A steady stream of devout Muslims pours into the Sobornaya Mosque on a cold, grey Friday afternoon. The Arabic call to prayer echoes incongruously among Soviet-era apartment buildings and monolithic relics of Moscow’s 1980 Olympics.
As usual, the mosque’s blue walls cannot contain the hundreds of people looking to pray.
“I’m sorry, it’s full,” a bearded man in a white skullcap repeats again and again to worshippers showing up at the doors.
Soon, the courtyard outside the mosque is crammed with men removing their hats and shoes to pray. Some lay down elaborate prayer mats of finely woven silk; others settle for tattered newspapers. When the men kneel in the direction of Mecca, their foreheads press against hard concrete.
Attending the prayers with his 8-year-old son, Zabir Valeev can hardly hide his frustration at having to pray under these conditions. The two come to the Sobornaya Mosque nearly every Friday and are often forced to pray outside.
“We shouldn’t have to stand out here in the cold,” says Valeev, 32. “What does it show to my son that there is no place in Moscow for us to pray?”
The Sobornaya Mosque is one of only four mosques in Moscow serving a Muslim population of 2.5 million—the largest of any European city. Crammed amid the grey monoliths of Moscow’s 1980 Olympics complex, it was the only Islamic house of worship allowed to function during the Soviet period, usually empty due to religious repression.
Today, like Moscow’s other mosques, it overflows with worshippers on Fridays and holy days. Muslim leaders have been trying to get permission from the city to expand the mosque, and to build many more, but their attempts have failed.
“In the Soviet period, people were forbidden from practising their religions. Now, they are embracing their faith again,” says Ildar Alyautdinov, an imam at the Sobornaya Mosque. “But to have only four mosques in Moscow, obviously that’s not enough . . . We deserve more respect.”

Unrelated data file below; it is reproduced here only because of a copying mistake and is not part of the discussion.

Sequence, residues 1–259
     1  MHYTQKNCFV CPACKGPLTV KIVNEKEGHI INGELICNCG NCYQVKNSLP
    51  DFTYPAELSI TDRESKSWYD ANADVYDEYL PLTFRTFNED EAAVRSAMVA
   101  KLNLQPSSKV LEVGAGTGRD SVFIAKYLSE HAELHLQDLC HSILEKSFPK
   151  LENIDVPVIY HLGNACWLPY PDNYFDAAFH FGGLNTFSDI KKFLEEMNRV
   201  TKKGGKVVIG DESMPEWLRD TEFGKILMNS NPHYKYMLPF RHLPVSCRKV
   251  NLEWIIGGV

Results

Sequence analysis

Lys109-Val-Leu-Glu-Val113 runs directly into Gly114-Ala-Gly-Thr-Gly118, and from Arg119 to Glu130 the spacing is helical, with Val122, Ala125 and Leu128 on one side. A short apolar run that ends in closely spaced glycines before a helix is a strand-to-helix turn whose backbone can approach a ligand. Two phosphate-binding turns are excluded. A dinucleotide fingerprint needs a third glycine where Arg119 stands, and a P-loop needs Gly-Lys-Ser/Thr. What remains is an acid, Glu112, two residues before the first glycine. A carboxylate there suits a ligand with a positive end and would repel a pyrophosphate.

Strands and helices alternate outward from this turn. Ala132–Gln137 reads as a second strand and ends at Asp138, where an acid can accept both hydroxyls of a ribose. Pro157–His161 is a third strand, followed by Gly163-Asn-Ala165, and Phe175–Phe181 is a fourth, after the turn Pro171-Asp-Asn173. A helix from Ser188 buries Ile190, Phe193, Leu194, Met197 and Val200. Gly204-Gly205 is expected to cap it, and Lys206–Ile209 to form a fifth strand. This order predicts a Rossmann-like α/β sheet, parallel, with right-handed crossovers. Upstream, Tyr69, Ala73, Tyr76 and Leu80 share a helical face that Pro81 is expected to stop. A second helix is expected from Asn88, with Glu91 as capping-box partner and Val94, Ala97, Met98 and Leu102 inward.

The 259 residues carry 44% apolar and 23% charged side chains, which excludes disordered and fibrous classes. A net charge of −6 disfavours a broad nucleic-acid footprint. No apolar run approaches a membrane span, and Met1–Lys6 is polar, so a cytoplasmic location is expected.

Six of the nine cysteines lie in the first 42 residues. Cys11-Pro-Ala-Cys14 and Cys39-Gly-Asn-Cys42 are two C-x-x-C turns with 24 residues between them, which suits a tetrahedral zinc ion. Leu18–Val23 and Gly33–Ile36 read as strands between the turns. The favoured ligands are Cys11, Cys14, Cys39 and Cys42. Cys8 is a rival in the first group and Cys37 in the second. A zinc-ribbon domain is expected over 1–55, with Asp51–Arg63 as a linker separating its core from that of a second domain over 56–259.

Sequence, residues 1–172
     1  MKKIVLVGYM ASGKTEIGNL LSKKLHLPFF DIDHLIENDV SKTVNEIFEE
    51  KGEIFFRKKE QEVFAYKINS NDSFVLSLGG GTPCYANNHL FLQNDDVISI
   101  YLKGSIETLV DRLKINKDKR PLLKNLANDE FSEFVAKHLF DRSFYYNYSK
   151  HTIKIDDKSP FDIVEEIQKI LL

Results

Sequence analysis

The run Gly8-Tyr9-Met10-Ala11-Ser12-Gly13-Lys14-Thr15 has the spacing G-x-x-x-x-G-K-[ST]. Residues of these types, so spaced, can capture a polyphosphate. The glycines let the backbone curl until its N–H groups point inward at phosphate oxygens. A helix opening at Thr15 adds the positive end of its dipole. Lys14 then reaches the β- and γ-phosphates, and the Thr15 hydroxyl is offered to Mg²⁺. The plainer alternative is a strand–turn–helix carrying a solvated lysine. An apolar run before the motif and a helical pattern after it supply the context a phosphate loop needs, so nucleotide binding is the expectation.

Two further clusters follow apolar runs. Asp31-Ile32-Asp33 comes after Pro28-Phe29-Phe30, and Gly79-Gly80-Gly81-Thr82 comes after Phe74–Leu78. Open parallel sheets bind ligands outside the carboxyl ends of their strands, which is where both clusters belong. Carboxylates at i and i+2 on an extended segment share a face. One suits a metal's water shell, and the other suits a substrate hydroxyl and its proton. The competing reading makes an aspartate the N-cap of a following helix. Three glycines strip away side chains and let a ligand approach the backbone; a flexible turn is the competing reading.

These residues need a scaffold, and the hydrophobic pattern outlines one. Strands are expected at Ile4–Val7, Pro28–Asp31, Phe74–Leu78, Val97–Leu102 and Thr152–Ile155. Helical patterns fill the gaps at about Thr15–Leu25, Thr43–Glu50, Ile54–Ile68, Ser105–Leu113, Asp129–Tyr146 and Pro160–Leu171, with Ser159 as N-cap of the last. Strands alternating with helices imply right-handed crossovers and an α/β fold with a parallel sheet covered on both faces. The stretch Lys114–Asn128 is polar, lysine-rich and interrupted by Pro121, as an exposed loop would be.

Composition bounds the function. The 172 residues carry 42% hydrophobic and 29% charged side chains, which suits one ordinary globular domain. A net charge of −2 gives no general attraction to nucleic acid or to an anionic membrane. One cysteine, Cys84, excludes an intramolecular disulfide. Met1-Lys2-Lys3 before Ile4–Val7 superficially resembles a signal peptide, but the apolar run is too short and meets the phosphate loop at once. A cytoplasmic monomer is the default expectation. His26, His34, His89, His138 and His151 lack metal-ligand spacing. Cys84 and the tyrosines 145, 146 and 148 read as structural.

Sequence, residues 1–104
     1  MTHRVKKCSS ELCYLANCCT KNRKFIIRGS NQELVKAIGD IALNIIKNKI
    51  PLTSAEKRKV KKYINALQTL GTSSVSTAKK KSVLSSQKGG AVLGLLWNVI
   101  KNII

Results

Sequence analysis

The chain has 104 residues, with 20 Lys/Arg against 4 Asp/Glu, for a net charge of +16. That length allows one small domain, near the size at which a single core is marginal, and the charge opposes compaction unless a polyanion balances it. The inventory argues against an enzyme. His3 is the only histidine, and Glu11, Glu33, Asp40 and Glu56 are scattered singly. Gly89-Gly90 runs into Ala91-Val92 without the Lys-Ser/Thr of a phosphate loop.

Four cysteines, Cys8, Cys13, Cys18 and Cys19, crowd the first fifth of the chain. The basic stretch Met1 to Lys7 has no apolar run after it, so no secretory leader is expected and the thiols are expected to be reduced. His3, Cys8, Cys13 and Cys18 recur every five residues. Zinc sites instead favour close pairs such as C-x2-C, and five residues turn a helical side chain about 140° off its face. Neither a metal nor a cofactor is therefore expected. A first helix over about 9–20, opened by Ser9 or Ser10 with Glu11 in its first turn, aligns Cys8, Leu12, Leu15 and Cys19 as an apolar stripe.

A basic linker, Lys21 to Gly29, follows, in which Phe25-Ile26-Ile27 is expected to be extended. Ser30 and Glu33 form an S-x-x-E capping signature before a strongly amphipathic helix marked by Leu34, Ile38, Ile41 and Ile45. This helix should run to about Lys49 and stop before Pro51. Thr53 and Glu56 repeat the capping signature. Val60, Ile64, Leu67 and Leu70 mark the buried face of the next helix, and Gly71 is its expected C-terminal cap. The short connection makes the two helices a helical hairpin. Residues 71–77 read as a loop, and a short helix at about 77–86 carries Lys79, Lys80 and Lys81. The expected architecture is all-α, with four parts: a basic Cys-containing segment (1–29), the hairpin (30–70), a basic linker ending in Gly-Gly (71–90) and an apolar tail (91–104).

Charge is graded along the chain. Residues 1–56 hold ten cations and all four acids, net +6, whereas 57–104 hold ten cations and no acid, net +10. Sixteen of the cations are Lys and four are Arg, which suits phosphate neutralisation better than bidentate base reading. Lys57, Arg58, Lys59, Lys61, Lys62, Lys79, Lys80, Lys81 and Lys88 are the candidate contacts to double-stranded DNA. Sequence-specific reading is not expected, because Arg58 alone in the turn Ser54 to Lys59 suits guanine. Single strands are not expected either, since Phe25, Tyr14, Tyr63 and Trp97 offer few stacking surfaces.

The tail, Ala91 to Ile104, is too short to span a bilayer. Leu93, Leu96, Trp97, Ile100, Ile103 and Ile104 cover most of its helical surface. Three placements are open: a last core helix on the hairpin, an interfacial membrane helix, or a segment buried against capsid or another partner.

Russia is in the midst of startling transformation. Islamic faith is thriving across the country. If current trends continue, experts say, more than half of Russia’s population will be Muslim by mid-century.
Few expect it will be an easy transition. Tensions are already high between the country’s ethnic Russian population and the diverse group of nationalities that make up the Muslim community. Inter-ethnic violence is on the rise and extreme nationalist groups are gaining influence.
A backlash is already underway. Attacks on mosques are not uncommon and in September an imam in the southern city of Kislovodsk was shot dead outside his home. During days of rioting in August, angry mobs chased Chechens and other migrants from the Caucasus region out of the northwestern town of Kondopoga.
Spurring on the mob was Alexander Belov, charismatic head of the Movement Against Illegal Immigration, an increasingly powerful lobby group that has staged dozens of rallies in recent months. In an interview at a Czech restaurant in central Moscow, Belov railed against what he called the growing “Islamification” of Russia.
“Russia is historically a Slavic, Orthodox Christian land and we need to make sure it stays that way,” he said, adding that Orthodox Christianity should be enshrined as Russia’s official religion and efforts made to convert Muslims. Islam is currently recognized as one of Russia’s official religions, along with Orthodox Christianity, Judaism and Buddhism.
Like many nationalists, Belov makes no distinction between Muslim immigrants and Russian citizens of Islamic faith. He says Muslims, no matter what their citizenship, should be restricted from living in “traditional Russian lands.”
Muslim leaders say the Russian media is fuelling antagonism. Many Russians associate Islam with religious extremists from Chechnya who have carried out dozens of bombings and other attacks against civilians. On Russian television, Muslims are most often portrayed as either criminals or religious radicals waging a holy war against Christians. One of Russia’s bestselling novels last year, The Mosque of Notre Dame de Paris, depicts a mid-21st century Europe where Islam is the state religion and Christians are forced to live in ghettos.